Q: I recently purchased a ticket through Cheapseats.com to fly from Sioux Falls, S.D., to Oakland, Calif., on United Airlines.
I received a confirmation that day by e-mail, along with a reservation number. But when I arrived in Sioux Falls, I was not allowed on the plane. A United employee told me that I had been issued a paper ticket and that I could not check in without it.
I called my daughter in San Francisco, who retrieved my reservation and contacted Cheapseats.com. I was told that Cheapseats.com still had my ticket, and that I should have called the company when I didn’t receive it.
Cheapseats.com told me to buy a new ticket and assured me I would be reimbursed. When I got home, I faxed supporting documents, receipts and reservation numbers. I was told it would be two billing cycles before I would see a refund.
I waited several months and when I didn’t get the promised refund, I called Cheapseats.com again. I was told that the reason I hadn’t received any money was that Cheapseats.com hadn’t yet gotten a refund from United. I was told to call United. But United just referred me back to Cheapseats.com.
I feel I have been more than patient and have received very poor customer service. My original ticket cost $280.60 and my replacement ticket was $850.30. Can you help me get my money back?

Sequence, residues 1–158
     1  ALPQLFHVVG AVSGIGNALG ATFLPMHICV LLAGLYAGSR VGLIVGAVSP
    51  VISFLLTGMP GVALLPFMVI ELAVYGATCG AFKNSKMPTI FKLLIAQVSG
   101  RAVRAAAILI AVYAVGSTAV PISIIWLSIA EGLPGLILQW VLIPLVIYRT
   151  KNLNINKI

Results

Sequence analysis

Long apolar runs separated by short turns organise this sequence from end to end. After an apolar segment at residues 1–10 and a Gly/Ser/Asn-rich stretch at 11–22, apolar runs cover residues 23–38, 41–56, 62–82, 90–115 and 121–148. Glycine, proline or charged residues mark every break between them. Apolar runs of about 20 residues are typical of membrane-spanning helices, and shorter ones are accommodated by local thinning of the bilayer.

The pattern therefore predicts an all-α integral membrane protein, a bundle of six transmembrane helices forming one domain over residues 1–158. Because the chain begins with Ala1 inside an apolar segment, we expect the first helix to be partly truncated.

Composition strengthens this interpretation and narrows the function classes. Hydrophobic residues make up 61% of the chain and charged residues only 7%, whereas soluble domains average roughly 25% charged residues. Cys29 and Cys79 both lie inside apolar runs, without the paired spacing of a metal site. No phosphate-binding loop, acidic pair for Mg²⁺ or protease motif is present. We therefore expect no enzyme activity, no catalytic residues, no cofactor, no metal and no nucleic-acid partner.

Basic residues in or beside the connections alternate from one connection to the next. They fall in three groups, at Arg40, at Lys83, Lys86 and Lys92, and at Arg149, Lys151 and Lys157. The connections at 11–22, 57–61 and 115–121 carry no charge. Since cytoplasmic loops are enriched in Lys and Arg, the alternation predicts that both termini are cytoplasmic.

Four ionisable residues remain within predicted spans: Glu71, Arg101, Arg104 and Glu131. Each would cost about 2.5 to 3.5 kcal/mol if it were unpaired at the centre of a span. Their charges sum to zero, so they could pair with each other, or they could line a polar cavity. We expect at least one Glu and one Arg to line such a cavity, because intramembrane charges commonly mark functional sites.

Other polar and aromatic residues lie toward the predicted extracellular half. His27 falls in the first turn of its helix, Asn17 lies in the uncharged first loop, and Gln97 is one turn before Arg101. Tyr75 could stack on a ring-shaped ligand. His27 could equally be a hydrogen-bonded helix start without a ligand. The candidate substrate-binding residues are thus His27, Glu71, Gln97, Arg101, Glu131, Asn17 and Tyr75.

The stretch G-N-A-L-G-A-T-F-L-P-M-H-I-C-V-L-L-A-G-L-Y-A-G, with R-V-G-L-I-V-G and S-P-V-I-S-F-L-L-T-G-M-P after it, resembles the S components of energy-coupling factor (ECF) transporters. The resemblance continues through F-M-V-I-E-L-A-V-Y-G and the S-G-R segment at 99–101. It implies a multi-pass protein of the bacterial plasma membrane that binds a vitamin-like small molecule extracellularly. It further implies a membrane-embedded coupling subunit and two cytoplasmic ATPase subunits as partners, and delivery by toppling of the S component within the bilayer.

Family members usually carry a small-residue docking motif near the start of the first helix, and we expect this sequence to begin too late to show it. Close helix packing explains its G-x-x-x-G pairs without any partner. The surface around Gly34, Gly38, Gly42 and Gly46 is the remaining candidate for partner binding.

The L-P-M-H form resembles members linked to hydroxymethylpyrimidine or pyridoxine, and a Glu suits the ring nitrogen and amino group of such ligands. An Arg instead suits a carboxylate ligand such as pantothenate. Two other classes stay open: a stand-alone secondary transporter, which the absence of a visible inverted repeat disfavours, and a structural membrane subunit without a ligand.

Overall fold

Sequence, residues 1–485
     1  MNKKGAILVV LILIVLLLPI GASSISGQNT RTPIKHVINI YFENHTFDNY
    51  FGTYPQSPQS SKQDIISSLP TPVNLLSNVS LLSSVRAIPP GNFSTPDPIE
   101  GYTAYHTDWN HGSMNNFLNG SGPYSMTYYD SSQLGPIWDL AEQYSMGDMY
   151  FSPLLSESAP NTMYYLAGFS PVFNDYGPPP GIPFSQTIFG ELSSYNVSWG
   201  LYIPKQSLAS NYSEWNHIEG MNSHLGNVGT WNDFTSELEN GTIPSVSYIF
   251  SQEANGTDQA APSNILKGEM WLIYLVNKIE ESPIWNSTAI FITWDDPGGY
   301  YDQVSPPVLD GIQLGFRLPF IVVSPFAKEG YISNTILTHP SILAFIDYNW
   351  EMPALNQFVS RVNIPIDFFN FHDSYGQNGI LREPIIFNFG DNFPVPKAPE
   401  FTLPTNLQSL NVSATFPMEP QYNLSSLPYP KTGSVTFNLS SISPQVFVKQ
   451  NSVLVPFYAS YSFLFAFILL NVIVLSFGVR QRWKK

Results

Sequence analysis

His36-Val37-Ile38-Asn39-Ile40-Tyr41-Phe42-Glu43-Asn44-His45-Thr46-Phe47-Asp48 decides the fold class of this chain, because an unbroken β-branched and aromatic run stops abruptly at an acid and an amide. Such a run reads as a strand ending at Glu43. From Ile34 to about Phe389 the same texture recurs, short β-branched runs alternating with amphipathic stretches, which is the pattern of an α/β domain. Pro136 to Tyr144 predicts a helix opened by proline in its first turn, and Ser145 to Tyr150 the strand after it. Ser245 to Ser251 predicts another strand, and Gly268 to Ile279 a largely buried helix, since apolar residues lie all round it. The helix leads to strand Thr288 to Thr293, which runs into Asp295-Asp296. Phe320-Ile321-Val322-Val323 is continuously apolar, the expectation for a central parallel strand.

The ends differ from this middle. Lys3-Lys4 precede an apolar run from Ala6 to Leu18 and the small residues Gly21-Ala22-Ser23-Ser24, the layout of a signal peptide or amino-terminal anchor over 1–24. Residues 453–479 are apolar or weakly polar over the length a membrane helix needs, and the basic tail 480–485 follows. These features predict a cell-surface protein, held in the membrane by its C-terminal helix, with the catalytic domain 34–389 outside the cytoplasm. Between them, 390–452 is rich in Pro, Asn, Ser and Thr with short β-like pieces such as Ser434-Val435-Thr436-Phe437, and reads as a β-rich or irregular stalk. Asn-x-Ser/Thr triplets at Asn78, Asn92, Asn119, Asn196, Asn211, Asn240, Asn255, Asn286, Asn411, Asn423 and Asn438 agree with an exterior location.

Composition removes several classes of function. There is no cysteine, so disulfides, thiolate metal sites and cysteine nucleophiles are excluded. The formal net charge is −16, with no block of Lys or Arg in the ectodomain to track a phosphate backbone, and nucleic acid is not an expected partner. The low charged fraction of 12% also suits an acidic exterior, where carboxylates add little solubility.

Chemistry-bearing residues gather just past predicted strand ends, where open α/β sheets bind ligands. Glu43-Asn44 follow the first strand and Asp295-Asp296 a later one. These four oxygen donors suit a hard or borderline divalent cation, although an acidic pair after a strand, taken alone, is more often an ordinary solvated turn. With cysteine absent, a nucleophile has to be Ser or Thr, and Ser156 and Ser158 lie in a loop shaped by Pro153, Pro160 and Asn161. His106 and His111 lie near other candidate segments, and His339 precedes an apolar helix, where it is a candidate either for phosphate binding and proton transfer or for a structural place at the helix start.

— Jane Christianson, Marshall, Minn.
A: Cheapseats.com should have sent you the ticket you bought. And when it failed to do so, it should have bought you a new one on the spot.
Instead, the company refused to take responsibility for its actions. I can’t believe anyone would suggest that you were at fault because you believed you had an electronic ticket. That’s an easy assumption to make in 2006, since most online ticket providers deal only in e-tickets.
Then Cheapseats.com asked you to buy another ticket. That’s totally unacceptable, too. Cheapseats.com might as well have asked for a loan, because that’s what you gave it.
But the endless delays — that would have made me blow a gasket.
The reason given for the delay is ridiculous. United didn’t refund the money to Cheapseats.com? Why should you care? It’s not your problem. You were promised a prompt refund, and you didn’t get one.
Your problem may not be unique. A few weeks ago, the Chicago Tribune reported that a traveler who made a reservation on OneTravel.com, which owns Cheapseats.com, had an almost identical problem. And I am currently working on resolving another Cheapseats.com case involving reservations that weren’t booked. (Yep, I’m getting the runaround, too.)
Unfortunately, the only way to make sure this doesn’t happen is to be vigilant about your tickets. Read over your reservation carefully. Make sure it’s an e-ticket. If it isn’t, then look for a paper ticket in the mail. That should prevent most — but not all — future misunderstandings.
After several inquiries, Cheapseats.com processed a refund for your United ticket.
Editor’s Note: That wasn’t the end of it. It turns out that after I filed the column, the refund still hadn’t been processed (Cheapseats.com claimed it was, but Christianson never received it; I had taken the company’s word for it). With the help of Cheapseats.com’s Terry Trippler, her refund was secured 10 days later. Trippler also said Cheapseats.com has experienced strong growth during the last year and is working to prevent mix-ups like these. Still, he added, problems like Christianson’s remain exceedingly rare on Cheapseats.com.